Most parents are familiar with the “childhood vaccination schedule” – a detailed plan for when children should get certain immunizations that help protect them from preventable diseases. But as the list of recommended vaccines has grown over the years, so too has the list of questions parents have about vaccinations and vaccination schedules.
You may wonder: Why are vaccines important? What is an immunization schedule and why is it essential? How is the immunization schedule for young children and adolescents determined? Do I need to stick to it? Or are there alternative vaccination schedules that I can follow for my child? And when are vaccinations not recommended for kids?
With the help of our immunization specialists, family medicine doctors, pediatricians and other team members, we help answer those questions and more – starting with why vaccinations are so important for kids.
Why childhood vaccinations are important
Vaccines help protect us and those around us from preventable diseases like tetanus, HPV, polio, measles, meningitis and whooping cough. How? By helping our bodies create immunity – which is the body’s way of preventing disease.
Childhood vaccinations are so important because young immune systems are more vulnerable to diseases and illnesses. If your child is exposed to a disease like measles for example, their immune system may not be strong enough to fight it off. And now that travel is easier and more common than ever, there’s an increased risk of exposure to diseases that are more prevalent outside of the United States.
Vaccines are made with disease antigens, which trigger your child’s immune system to produce antibodies and develop immunity – without getting sick.
Why we have immunization schedules in the U.S. and why it’s important to stick to them
Why and how immunization schedules were created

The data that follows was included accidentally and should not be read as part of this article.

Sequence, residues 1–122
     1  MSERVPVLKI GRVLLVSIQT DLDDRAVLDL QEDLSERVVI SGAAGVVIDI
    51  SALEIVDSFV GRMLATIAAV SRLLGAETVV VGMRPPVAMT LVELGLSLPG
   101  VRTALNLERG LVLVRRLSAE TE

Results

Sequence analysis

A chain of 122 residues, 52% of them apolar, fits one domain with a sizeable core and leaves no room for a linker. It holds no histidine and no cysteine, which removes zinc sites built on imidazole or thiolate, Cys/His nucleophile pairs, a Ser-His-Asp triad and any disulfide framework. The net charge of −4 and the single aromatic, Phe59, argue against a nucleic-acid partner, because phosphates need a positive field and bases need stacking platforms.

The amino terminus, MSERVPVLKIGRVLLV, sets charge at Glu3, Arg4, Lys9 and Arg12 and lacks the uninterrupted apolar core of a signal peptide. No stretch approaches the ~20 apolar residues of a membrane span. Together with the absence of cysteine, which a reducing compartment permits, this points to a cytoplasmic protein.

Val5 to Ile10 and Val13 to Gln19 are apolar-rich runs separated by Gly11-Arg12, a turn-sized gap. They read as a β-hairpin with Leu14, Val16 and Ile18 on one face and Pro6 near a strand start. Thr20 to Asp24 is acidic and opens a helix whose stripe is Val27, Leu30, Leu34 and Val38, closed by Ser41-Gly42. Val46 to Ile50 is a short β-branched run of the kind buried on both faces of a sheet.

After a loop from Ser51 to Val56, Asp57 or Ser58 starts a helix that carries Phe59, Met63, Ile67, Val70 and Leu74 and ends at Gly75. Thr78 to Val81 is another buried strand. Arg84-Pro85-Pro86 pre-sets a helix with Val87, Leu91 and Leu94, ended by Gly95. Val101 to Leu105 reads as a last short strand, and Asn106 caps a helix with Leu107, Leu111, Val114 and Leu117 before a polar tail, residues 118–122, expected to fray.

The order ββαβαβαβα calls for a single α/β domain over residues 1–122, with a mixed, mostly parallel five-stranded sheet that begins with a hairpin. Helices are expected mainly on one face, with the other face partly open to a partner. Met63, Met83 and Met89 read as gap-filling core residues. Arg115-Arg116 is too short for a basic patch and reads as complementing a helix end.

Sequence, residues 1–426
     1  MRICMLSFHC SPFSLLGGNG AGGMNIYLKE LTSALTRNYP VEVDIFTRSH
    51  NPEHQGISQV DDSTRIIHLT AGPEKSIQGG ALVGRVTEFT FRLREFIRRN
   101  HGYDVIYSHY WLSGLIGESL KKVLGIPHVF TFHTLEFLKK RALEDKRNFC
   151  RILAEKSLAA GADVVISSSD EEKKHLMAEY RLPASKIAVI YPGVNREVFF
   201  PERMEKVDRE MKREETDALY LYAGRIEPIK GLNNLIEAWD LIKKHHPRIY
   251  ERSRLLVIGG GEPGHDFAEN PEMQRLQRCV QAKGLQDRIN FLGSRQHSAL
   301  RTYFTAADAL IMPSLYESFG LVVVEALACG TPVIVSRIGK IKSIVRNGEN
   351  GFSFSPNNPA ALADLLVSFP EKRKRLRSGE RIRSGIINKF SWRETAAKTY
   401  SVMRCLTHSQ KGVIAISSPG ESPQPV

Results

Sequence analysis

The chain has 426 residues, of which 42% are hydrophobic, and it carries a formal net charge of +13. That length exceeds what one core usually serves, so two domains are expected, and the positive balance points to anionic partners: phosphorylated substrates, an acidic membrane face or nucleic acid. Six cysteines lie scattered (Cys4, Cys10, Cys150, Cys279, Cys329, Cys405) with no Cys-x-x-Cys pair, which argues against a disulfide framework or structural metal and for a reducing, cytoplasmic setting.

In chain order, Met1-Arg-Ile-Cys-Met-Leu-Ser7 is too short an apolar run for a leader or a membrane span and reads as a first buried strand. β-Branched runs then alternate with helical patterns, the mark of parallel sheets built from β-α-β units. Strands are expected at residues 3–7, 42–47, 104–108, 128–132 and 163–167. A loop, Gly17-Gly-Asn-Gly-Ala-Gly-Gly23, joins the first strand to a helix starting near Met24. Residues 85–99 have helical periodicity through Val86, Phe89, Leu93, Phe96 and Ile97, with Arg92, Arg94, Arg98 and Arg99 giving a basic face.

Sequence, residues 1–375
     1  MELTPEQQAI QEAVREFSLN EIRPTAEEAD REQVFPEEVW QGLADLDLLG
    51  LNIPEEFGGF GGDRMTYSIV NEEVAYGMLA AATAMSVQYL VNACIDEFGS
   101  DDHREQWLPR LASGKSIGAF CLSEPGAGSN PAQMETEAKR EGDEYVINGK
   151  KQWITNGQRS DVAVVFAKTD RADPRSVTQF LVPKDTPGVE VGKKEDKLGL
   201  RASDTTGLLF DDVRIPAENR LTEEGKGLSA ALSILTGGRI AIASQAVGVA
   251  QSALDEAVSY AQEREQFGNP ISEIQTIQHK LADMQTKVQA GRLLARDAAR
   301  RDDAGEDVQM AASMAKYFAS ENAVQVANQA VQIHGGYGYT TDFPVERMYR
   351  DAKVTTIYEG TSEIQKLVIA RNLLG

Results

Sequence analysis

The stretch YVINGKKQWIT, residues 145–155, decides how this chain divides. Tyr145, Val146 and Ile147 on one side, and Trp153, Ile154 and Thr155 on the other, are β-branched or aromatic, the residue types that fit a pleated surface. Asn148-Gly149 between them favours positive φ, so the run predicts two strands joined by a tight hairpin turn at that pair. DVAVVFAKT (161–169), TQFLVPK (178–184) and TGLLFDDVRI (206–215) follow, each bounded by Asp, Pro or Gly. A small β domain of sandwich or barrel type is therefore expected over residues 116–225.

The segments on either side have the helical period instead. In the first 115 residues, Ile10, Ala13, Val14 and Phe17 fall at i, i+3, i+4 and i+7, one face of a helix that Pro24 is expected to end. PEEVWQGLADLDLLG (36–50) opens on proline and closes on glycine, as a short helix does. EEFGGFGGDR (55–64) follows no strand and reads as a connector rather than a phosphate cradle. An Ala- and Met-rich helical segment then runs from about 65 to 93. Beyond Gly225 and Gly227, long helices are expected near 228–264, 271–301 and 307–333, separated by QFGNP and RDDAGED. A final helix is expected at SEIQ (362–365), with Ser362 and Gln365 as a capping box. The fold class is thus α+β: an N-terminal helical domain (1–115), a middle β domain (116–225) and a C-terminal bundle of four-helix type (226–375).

Immunization schedules for young children and adolescents are designed with kids’ young immune systems in mind, helping to protect them from preventable diseases as early and safely as possible. The schedules – created by top infectious disease experts and doctors – include 16 recommended vaccines, as well as dosages and timing from birth to 18 years old.
The first “harmonized” immunization schedule was released in the United States in 1995 by the Centers for Disease Control and Prevention’s (CDC) Advisory Committee on Immunization Practices (ACIP), American Academy of Pediatrics (AAP), and the American Association of Family Physicians (AAFP).
Today, the ACIP meets three times a year to review the latest scientific research and make any necessary changes to the vaccination schedule. The CDC officially sets the schedule based on ACIP’s recommendations, and the schedule is also approved by the AAP, AAFP and the American College of Obstetricians and Gynecologists (ACOG).
Why it’s important to follow immunization schedules
Staying on schedule protects your child
Backed by scientific research, the timing and spacing of immunizations are set to work with a child’s immune system at specific ages and times. Vaccines not only prevent disease, they save lives.
While some parents wonder if the number of vaccines and doses kids receive can ever be too much for their bodies to handle, the short answer is: No. Extensive research has been done to ensure the safety of vaccines for young immune systems. Kids are exposed to germs (or antigens) every day. The amount that they’re exposed to by getting a vaccine is just a tiny fraction of the antigens they encounter daily.